Tuesday, November 29, 2011
Desperate Middle East Regimes
The world hasn’t seen this much turmoil since the years leading up to World War II. By contrast even the collapse of the former Soviet Union in 1991 did not cause this much uncertainty.
The Middle East currently holds the greatest prospect for a hot war as Iran and its close ally, Syria, struggle to maintain control over their populations. Iran’s proxies in Syria and Lebanon, Hezbollah, and, in the Gaza, Hamas, are being told to get ready for a war on Israel. Meanwhile, the Arab League has turned on Syria and is hostile to Iran. Turkey is stationing troops on its border with Syria.
The Syrian dictator, the second generation Bashar Assad, is fighting for his life in much the same way as Libya’s former dictator, Moammar Gadhafi did. In Egypt, the people are occupying Cairo’s Tahir Square demanding that the military step aside for a government composed of elected representatives. An election is being held with the likely outcome that the Muslim Brotherhood will acquire political power there. This pattern will be repeated elsewhere.
The dictatorial regimes of Iran and Syria are using Israel in an attempt to divert the attention of their people from their efforts to remain in power. Anti-Semitism in the Middle East is as rabid as anywhere on Earth; but it is not working its old magic. An all-out war on Israel could, in fact, bring the regimes down, but these are desperate men in charge.
The real news is the covert efforts being used to undermine the military power of Iran and Syria. Iran just claimed it had captured twelve CIA spies. Additionally, Israel’s famed covert service, the Mossad, it also being blamed for recent events that must surely terrify the mullahs and the Assad regime.
DEBKA File, an Israeli news agency, in a November 25 analysis noted an “explosion which wiped out Iran’s entire missile command, including Maj. Gen. Hassan Moghaddam, at the secret Revolutionary Guards base in Aghadir near Tehran on October 12.” Apparently it was not so secret!
On November 27 there was a tremendous explosion that rocked Isfahan, home to one of Iran’s main facilities for refining uranium for its nuclear program and Iran’s largest facility for research and development of ballistic missiles. Some reports say neither was affected, but speculation persists that one of them was.
On November 23, an illegal Hezbollah arsenal in Siddiqin housing Iranian-made missiles was blown up. These missiles were intended to be used in a war against Israel, but the explosion was credited to the anti-regime Free Syrian Army. “Graffiti left at the scene of the blast said it was revenge for Hezbollah’s aid to the Assad regime’s crackdown in Syrian cities and promised more.”
The DEBKA analysis concludes that “Both Iran and Hezbollah are gearing up for war” noting that Iranian Revolutionary Guard and Basji military units “began organizing in battle array in the various theaters assigned to them in the country.” The old order in the Middle East has been overthrown in Tunisia, Libya, Egypt, and is under attack in Syria. There is unrest in Bahrain and Yemen as well.
Both the U.S. and Russia have positioned aircraft carriers off the coast of Syria. A U.S. carrier fleet stands at the ready near the Persian Gulf. It is doubtful Russia wants to be drawn into a conflict. The drubbing it took in Afghanistan led to the downfall of the former Soviet Union. The U.S., bleeding money in all directions, withdrawing from Iraq, and isolated in Afghanistan, is unlikely to engage militarily in a land war, though air power remains an option.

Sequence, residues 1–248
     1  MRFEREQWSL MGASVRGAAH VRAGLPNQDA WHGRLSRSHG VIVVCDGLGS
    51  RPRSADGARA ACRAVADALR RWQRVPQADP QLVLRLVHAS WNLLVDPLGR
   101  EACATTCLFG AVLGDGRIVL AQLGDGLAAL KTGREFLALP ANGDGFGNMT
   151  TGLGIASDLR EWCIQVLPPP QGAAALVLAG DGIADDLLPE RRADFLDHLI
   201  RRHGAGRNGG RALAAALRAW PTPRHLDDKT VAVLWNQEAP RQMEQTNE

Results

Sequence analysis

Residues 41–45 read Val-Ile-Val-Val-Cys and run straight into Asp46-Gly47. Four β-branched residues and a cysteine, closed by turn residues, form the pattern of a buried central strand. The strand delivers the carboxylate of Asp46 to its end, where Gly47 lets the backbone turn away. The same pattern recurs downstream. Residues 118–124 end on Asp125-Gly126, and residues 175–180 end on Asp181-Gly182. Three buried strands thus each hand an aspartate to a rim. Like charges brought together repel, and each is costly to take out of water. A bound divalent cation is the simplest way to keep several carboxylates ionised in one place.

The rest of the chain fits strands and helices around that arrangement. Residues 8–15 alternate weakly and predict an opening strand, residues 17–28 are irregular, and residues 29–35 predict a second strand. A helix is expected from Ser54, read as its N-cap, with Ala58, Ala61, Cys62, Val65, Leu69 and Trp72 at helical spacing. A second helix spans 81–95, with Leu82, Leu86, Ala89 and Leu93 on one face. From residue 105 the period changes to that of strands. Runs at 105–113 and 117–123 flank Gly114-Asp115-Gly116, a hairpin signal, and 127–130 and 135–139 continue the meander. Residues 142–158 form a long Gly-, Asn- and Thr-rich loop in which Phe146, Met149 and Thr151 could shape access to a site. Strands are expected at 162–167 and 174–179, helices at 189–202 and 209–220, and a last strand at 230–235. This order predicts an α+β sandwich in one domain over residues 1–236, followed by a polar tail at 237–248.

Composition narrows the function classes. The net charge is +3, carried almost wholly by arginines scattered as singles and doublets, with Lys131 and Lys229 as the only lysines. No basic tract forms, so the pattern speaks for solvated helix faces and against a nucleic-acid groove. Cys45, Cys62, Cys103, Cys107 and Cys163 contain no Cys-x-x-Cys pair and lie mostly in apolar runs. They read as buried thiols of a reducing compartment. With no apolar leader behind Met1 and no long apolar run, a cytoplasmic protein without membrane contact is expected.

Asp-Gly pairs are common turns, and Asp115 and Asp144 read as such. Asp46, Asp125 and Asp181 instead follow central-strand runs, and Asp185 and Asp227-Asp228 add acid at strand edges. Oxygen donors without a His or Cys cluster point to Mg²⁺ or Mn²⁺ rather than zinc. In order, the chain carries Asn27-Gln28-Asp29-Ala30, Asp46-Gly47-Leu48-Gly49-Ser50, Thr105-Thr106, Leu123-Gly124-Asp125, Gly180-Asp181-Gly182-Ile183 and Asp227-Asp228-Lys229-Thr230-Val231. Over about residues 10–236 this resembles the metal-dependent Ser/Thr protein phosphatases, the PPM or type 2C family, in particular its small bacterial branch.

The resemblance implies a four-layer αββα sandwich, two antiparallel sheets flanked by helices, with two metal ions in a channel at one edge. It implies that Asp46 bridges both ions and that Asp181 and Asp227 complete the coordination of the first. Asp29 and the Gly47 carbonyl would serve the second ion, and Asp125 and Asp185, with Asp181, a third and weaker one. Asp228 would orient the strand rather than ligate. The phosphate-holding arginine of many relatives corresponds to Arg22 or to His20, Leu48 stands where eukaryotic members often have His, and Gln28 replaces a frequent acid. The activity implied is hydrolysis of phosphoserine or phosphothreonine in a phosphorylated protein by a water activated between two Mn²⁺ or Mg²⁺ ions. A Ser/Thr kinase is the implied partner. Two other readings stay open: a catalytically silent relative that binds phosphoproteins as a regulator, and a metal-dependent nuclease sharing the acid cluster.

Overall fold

As the DEBKA File analysis makes clear, the U.S. and Israel are having considerable success with covert attacks in Iran and Syria, either directly or by proxies receiving intelligence and other assistance.
When Syria falls—as it surely will—it will leave Iran further isolated. Any admission that it has nuclear-equipped missiles would seal its fate. Its desperation is seen in a recent threat to unleash hundreds of missiles against Israel and, indeed, a northern Israeli city sustained a brief rocket attack from southern Lebanon on Monday, perhaps in an effort to lure it into a response.
The news of the day is an Iranian attack on the British Embassy in Tehran which mirrors the 1979 attack on the U.S. embassy that put the ayatollahs in command and led to the present crisis sparked by Iran’s pursuit of nuclear weapons. Iran is running out of friends and its Islamic tantrums only speed the process. This is a rogue nation that does not play by the rules. It seems to be inviting an attack and that fits its apocalyptic view that includes the sacrifice of large portions of its population, chaos, to secure the return of the mythical Twelfth Imam.
No matter how this plays out, it will have a serious affect on the price of oil, a global commodity. It may remind Americans of the failure and refusal to permit access to our own vast reserves of oil and natural gas in Alaska, North Dakota’s Bakken area, and of course the offshore reserves along our Eastern and Western coasts. The delay of the Canadian Keystone XL pipeline will be felt. And then there is the Obama administration attack on coal producers and users.
The fact that a new U.S. oil refinery has not been built since the 1970s is testimony to a massive national failure to anticipate and prepare what is occurring in the Middle East. We are a decade or more behind the curve.
It is a common error to believe that the leaders of Iran and Syria think like their western counterparts. Baghdad is beginning to have more bombings. Pakistan is in a state of panic. In Turkey, a group of NATO and Arab officers have quietly established a command post for possible intervention in the Syrian crisis.
No one in the West, nor Russia or China, wants to participate, but the rabid dogs of war are loose and history has a nasty way of repeating itself.
© Alan Caruba, 2011